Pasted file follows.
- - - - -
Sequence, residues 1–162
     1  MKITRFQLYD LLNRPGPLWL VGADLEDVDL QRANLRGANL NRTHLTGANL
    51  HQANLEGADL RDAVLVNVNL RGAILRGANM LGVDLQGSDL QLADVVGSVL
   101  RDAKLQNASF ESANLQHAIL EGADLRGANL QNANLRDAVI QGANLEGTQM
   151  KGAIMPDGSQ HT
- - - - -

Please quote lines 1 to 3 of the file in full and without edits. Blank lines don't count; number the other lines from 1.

Sequence, residues 1–162
     1  MKITRFQLYD LLNRPGPLWL VGADLEDVDL QRANLRGANL NRTHLTGANL
    51  HQANLEGADL RDAVLVNVNL RGAILRGANM LGVDLQGSDL QLADVVGSVL